Arnines

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An R7A car on display at the New York Transit Museum.
The interior of an R1

Arnines is a casual term used to refer to 1,703 similar New York City Subway cars built between 1930 and 1940 for the Independent Subway System. The name comes from the literal spelling out of the final contract under which these 1,703 cars were ordered - contract "R9". The last of the cars in this broad grouping were removed from passenger service in 1977. Many pieces of memorabilia, including rollsigns and car number plates, exist today in private collections.

The complete listing of contract numbers for cars referred to as “Arnines” include: R1, R4, R6, R7, R7A and R9.

The grouping of these 1,703 cars can also be referred to as R1–9s (pronounced “R one nines” or “R one through nines”).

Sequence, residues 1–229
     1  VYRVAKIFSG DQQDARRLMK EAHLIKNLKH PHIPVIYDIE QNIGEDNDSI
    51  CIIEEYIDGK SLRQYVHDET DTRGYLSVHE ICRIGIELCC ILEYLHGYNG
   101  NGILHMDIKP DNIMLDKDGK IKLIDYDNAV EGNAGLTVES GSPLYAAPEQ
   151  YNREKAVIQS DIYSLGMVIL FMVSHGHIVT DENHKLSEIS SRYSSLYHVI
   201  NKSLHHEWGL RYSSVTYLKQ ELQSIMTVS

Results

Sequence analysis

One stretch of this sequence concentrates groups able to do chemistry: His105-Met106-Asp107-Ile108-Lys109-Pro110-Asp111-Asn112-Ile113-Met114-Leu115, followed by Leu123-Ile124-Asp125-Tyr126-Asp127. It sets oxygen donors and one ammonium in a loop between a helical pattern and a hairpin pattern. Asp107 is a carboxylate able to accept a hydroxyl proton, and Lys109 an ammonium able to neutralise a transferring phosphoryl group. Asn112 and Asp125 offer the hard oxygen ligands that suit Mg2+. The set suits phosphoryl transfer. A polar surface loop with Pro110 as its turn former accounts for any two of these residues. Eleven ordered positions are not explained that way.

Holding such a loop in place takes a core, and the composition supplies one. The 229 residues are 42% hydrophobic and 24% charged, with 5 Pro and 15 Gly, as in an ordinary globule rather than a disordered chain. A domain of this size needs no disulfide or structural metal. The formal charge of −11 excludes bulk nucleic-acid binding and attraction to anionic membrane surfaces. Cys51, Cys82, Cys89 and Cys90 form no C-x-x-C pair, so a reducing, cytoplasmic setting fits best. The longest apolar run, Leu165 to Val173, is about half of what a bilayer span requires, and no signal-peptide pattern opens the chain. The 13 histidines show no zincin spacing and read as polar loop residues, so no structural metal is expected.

They were replaced, along with the R16s, between 1970 and 1977,[1] with the delivery of new R46 subway cars.

Preserved Cars[edit]

Today, twenty of these cars remain, preserved by various museums, businesses, organizations, and private individuals.

The cars that remain on New York City Transit Authority property (and their owners) are:

  • R1 100 (New York Transit Museum)
  • R1 103 (Railway Preservation Corp.) - Inoperable, undergoing restoration
  • R1 381 (Railway Preservation Corp.)
  • R4 401 (Railway Preservation Corp.)
  • R4 484 (New York Transit Museum)
  • R6 923 (Railway Preservation Corp.) - Inoperable
  • R6 925 (Railway Preservation Corp.) - Inoperable
  • R6 1000 (Railway Preservation Corp.)
  • R6 1300 (Railway Preservation Corp.)
  • R7A 1575 - rebuilt to an R10 prototype in 1947 (New York Transit Museum)
  • R9 1802 (Railway Preservation Corp.)

The other cars are located at the following locations:

References[edit]